Best new South Korean TV Shows in 2021 & 2020 (Netflix, Prime, Hulu & TV List)


List of the latest South Korean TV series in 2021 on tv and the best South Korean TV series of 2020 & the 2010's. Top South Korean TV series to watch on Netflix, Hulu, Amazon Prime, Disney+ & other Streaming services, out on DVD/Blu-ray or on tv right now.

New South Korean TV series in 2021

Top series up for release in 2021
  • Undercover

    CREATOR: Peter Moffat
    CAST: Jin-hee Ji, Kim Hyun-joo, Yoon-Kyoung Bae, Soon-bae Cha
    The National Security Planning Agency has been trying to keep the identity of agent Han Jeong-hyeon (Ji Jin-hee) a secret. At the same time, human rights lawyer Choi Yeon-soo (Kim Hyun-joo) finds herself as the new head of the justice agency. The two of them soon stumble onto a massive conspiracy of secrets and lies, debating just how to handle such case when the deck seems stacked against them both in this intense drama based on the BBC miniseries of the same name. Watch the trailer of Undercover

    Netflix | Amazon | All Release dates

Best South Korean TV series on Netflix, Amazon Prime, Hulu, Disney+ or DVD in 2021

2020, 2019, 2018 & the 2010's best rated South Korean TV series out on DVD, Bluray or streaming on VOD (Netflix, Amazon Prime & Hulu).
The ‘K-drama’ genre is popular worldwide and the shows to choose from is huge. In North-America, Netflix included some K-Drama shows in its selection and online streaming sites like Hulu and DramaFever attract a vast audience. In terms of quality drama however, a decent K-Drama show is hard to find. A couple of shows are worth a try, though. Below you’ll find the two best K-Drama shows of the recent past.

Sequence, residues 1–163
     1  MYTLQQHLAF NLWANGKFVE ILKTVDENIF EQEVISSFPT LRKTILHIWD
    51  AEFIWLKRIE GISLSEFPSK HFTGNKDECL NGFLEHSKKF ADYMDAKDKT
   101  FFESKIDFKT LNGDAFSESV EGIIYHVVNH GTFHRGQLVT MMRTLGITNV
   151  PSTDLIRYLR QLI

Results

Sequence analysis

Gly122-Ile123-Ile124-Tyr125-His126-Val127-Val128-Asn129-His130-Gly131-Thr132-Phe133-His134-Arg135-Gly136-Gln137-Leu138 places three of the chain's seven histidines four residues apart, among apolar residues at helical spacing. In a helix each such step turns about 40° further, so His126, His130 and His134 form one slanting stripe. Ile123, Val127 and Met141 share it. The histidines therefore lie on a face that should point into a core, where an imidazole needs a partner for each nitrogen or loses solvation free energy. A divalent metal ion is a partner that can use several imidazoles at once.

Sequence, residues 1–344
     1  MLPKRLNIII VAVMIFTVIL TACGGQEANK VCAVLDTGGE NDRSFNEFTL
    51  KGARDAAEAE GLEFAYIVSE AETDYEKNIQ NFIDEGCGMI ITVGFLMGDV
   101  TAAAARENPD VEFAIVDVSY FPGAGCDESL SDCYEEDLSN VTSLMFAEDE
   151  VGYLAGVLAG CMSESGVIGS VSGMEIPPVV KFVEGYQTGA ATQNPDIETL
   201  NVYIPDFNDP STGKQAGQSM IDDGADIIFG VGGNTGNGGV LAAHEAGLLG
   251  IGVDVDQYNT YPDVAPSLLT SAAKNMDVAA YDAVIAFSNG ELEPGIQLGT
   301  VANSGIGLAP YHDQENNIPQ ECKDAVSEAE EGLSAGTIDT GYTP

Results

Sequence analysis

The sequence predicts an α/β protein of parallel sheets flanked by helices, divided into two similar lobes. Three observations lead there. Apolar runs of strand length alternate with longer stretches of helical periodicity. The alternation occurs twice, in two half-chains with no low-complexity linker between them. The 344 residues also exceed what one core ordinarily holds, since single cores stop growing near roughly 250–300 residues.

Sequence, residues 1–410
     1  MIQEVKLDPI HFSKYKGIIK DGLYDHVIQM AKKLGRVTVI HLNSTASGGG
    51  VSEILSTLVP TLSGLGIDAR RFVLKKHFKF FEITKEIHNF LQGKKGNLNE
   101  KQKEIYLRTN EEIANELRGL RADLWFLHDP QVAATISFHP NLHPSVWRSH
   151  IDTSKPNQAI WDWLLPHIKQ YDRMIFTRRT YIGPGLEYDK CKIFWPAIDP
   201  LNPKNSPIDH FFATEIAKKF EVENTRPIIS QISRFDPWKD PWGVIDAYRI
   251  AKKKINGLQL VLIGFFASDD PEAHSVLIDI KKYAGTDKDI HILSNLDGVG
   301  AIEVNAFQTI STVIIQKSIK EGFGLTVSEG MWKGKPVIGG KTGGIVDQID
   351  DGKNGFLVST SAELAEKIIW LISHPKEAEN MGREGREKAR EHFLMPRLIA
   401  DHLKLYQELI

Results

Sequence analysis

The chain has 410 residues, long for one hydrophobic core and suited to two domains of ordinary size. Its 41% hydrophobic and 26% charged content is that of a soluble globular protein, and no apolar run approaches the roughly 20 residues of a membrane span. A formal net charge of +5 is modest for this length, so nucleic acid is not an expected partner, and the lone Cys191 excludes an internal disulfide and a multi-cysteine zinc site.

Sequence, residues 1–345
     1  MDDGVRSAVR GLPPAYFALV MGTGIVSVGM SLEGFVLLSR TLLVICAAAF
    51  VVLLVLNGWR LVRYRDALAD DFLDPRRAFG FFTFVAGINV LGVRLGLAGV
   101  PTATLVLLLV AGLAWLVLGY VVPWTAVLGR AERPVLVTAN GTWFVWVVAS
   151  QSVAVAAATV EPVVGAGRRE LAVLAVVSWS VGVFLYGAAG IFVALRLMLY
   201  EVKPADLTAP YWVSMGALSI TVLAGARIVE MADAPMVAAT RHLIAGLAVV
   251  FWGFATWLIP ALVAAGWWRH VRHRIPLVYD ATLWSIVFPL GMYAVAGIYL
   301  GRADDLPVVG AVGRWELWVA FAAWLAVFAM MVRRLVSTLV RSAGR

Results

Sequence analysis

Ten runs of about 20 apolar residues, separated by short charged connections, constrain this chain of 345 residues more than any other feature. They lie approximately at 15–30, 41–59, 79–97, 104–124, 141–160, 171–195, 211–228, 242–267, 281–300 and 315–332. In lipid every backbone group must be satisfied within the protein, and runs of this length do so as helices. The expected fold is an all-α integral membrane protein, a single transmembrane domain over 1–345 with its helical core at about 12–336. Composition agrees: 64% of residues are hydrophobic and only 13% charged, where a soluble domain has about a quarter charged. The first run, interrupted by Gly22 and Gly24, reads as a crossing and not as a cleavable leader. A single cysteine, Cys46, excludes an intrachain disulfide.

South Korean drama, or K-drama, dates back to the 1960’s, but the modern conception of the deurama format (12-24 episodes per show) started somewhere in the 90’s and does not have a lot in common with television series produced in the western parts of the world. Indeed, it is something else. Most shows are kitschy to say the least. The style is defined by colorful and soft images, questionable screenplay, corny comedy and a way of acting that resembles Western soap operas. The dramas are usually produced with one director and one writer, and are broadcasted on two consecutive nights three times a week. Needless to say, K-Drama differs from the American and European ways of making television. The genre is popular worldwide though and the amount to choose from is huge. In North-America, Netflix included some K-Drama shows in its selection and online streaming sites like Hulu and DramaFever attract a vast audience. In terms of quality drama however, a decent K-Drama show is hard to find. Most shows don’t come near the quality of Western shows. Mostly, the shows don’t even try. As mentioned before, K-Drama has it’s own standard and obviously does not try to rival with channels like HBO and AMC. A couple of shows are worth a try, though. They may not be as interesting as South-Korean cinema is, but it might a refreshing experience for those who are in search for something completely different.